A cogent novel that points a glaring light at an unfair justice system.



A convict agrees to an experiment that instantly ages him—corresponding to his sentence—but returning to the life he knew proves a punishing task in this debut sci-fi-infused thriller.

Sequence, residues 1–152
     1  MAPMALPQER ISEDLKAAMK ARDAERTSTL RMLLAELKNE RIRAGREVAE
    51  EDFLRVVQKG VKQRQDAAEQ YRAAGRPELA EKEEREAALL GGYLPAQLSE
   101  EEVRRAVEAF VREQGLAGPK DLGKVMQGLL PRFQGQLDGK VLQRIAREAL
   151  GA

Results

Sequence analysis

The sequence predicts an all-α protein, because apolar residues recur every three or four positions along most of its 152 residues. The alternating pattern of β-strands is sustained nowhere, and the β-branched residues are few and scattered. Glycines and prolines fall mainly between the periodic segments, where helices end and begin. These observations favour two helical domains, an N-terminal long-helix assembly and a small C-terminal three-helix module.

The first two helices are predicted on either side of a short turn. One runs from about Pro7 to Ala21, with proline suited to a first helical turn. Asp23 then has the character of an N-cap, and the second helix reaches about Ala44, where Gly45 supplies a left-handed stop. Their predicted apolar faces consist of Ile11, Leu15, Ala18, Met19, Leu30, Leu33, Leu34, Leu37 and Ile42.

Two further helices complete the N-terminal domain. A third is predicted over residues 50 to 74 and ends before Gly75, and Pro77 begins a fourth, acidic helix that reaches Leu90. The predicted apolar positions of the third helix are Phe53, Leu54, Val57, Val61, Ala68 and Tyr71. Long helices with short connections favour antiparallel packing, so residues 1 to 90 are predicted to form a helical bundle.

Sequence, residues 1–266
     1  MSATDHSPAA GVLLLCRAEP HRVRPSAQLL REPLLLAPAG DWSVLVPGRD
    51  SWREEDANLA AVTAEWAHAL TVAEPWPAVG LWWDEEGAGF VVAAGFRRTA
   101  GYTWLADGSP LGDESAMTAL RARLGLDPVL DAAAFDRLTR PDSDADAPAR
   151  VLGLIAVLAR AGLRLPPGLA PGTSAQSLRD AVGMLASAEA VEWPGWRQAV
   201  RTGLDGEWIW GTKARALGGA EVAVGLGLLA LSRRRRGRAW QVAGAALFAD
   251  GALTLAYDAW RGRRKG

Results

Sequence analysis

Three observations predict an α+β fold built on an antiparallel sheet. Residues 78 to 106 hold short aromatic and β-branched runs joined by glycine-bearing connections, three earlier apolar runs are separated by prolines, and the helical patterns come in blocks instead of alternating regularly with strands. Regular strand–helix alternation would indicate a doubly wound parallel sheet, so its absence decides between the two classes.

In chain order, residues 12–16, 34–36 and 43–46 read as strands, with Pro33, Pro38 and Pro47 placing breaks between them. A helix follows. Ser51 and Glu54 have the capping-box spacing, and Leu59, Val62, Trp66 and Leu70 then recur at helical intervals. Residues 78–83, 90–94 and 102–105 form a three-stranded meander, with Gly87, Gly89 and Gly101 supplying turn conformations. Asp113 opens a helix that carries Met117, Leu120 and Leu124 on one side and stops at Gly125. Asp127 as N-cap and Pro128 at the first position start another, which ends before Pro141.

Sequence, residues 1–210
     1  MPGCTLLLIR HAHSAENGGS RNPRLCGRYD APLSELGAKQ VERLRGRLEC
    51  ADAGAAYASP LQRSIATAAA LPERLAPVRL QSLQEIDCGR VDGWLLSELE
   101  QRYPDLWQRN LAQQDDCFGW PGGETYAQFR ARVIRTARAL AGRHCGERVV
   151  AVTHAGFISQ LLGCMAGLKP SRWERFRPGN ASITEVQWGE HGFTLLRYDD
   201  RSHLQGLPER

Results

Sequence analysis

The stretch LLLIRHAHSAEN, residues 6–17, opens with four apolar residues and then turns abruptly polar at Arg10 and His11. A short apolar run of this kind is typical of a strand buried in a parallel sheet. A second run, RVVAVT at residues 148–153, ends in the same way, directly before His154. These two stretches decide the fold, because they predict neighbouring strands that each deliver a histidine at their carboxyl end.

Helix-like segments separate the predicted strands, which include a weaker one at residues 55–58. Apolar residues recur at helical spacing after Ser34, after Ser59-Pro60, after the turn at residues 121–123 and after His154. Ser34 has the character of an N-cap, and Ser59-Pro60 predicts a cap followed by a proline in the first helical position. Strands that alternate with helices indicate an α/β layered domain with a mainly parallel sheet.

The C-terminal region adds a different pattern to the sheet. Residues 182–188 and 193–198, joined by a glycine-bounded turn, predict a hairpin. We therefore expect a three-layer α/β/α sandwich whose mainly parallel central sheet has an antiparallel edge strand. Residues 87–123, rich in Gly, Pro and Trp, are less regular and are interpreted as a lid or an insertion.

Twentysomething carjacker Danny Fierro didn’t actually commit the murder that sent him to jail. But because the victim was a cop, the judge deems Danny as guilty as his partner in crime, killed in return fire. Devastated that his pregnant girlfriend, Sonya de Leon, writes him off after giving birth, Danny takes little solace in his public defender getting him a chance at parole, as it’s not for three decades. This, however, makes him a candidate for Premium Sentencing, a procedure that takes the same number of years away from prisoners that they have left to serve. Danny, then, is suddenly age 55, earning freedom, along with fellow “processees.” Unfortunately, Sonya doesn’t seem interested in starting a family with a much older Danny, who has trouble adjusting, enduring stomach pains and getting caught up with vicious pushers of a vitality-restoring drug. It’s worse for other processees, most of whom develop mental disorders or commit suicide. Conlan Laboratories, where it all began, is up to something dubious, which may entail further experiments with Danny—his willingness to participate merely incidental. Despite a plot steered by fantastical science, Takemoto wisely keeps it shrouded in mystery, not revealing Premium Sentencing’s origins until the end. The story adopts a searing examination of rehabilitation: the public, referring to Premium Sentencing by the blunter term Bio-Justice, treats processees as deserving of their psychological fallout, while some criminals retain their violent ways, even though they’re now quite a bit older. Most convicts, and especially Danny, garner sympathy as the tale progresses, aided by poignant descriptions: someone notes that the processees are “hollowed out, soulless—as if they were already dead.” The grounded narrative eases readers into the sci-fi-laden final act, which is rife with shocks and rigorously ties up subplots, including one obscure character’s suicide early in the tale.